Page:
Mauritius: Demystifying the Privy Council

On Monday, we skipped lunch, put our work on hold, wore a do-not-disturb notice on our foreheads and sat for four hours watching the live debates of the Judicial Committee of the Privy Council. This board, we think, will decide, beyond any doubt, whether the 2019 election was genuinely free, fair and credible. The razzmatazz surrounding the debate is therefore fully justified, isn’t it?

Is it? The answer to that could be summed up in another question put by a lawyer during the Radio Plus debate on the day: if you take a very good football player, make him wear a pair of shoes which happen to be too tight for him and ask him to run and score. How many goals is he likely to score? Our shoes have been tightened first by our own outdated laws. Those are the shoes that the Law Lords sitting on that committee were wearing. Ironically, we still believe they will be able to score.

Secondly, as Kris Valaydon highlighted in yesterday’s l’express, there is no point stressing the irregularities that happened on Polling Day when so many unfair practices – some of which were legal -were prepared way before, like enticing the Indian and Bangladeshi workers to vote. These guests in our country do not have the Mauritian nationality and do not even speak the language, let alone understand what they are voting for. While these commonwealth citizens were being shuttled from one constituency to another, according to the Kistnen Leaks, many of our compatriots found out that their name had been legally struck off the electoral register with no further ado. As for the role of the Mauritius Broadcasting Corporation, let’s not even go there. Seasoned politician and journalist Jean Claude de l’Estrac summed up the role the MBC is playing today by openly saying that “we will never have free elections for as long as the broadcasting station is being manipulated the way it is today.”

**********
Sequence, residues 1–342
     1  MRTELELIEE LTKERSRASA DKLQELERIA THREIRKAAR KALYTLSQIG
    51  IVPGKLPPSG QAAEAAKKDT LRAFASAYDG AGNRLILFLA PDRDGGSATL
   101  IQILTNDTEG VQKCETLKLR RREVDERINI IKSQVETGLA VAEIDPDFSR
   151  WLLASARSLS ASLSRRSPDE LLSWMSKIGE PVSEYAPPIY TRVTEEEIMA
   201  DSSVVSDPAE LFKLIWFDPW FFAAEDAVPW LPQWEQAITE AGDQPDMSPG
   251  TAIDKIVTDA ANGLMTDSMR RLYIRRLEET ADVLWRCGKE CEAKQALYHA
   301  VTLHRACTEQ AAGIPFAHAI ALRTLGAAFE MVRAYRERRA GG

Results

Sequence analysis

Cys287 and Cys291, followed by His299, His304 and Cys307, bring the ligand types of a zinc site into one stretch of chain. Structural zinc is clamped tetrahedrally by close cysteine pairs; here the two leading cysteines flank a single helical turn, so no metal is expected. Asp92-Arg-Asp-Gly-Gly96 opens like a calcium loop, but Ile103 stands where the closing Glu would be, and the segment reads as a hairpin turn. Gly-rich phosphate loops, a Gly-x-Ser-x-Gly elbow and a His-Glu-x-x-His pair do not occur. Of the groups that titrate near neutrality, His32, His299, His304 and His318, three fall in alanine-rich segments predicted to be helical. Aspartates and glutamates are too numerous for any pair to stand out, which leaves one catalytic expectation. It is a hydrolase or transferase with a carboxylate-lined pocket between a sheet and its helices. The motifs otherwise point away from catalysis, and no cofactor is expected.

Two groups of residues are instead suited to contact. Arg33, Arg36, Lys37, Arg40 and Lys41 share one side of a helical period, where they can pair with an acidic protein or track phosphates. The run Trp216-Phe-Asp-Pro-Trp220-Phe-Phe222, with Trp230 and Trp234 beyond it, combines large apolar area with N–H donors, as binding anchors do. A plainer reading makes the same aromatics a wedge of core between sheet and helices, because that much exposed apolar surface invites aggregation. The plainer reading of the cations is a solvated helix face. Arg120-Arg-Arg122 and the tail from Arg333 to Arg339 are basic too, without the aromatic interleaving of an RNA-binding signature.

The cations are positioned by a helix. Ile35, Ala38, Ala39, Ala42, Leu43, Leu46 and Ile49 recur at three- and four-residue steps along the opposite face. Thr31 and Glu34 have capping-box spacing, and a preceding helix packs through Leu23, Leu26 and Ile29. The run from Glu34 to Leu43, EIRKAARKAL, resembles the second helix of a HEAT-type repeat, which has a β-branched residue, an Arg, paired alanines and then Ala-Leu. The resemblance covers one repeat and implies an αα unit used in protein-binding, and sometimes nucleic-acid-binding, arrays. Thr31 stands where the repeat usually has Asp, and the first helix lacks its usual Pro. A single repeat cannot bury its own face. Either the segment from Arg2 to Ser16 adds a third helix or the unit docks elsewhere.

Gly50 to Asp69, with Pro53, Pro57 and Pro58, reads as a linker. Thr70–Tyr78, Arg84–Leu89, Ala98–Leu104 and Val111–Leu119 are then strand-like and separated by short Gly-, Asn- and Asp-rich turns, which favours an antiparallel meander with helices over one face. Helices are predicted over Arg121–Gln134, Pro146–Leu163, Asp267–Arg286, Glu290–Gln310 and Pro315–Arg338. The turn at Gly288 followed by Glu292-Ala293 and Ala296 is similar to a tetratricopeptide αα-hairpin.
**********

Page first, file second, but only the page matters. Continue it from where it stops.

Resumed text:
The Privy Council – and the world – sees the range of ‘independent’ institutions we have to fight every crime in society and ensure that justice prevails: An Independent Commission Against Corruption whose head is appointed by the president of the Republic, who himself is nominated by Parliament, after consultation with the prime minister and the leader of the opposition; a police commissioner with full powers who does not take orders from anyone. A Parliament elected ‘democratically’ and presided over by a speaker who is so independent that he does not belong to any political party and does not stand for elections to avoid any bias. Parliamentarians free to ask questions and insist on accountability with backbenchers enjoying the right to put their own leader on the spot when their duty to protect their constituents calls for it. An Integrity Reporting Service Agency headed by two highflying expats brought all the way from the UK to enhance the fight on ill-gotten wealth. We even have a Mauritius Standards Bureau to make sure everything we buy is of high standards. Our constitution guarantees the freedom of expression. We have a Special Striking Team to give the drug mafia sleepless night. We have an Electoral Supervisory Commission to make sure our elections are free, fair and credible.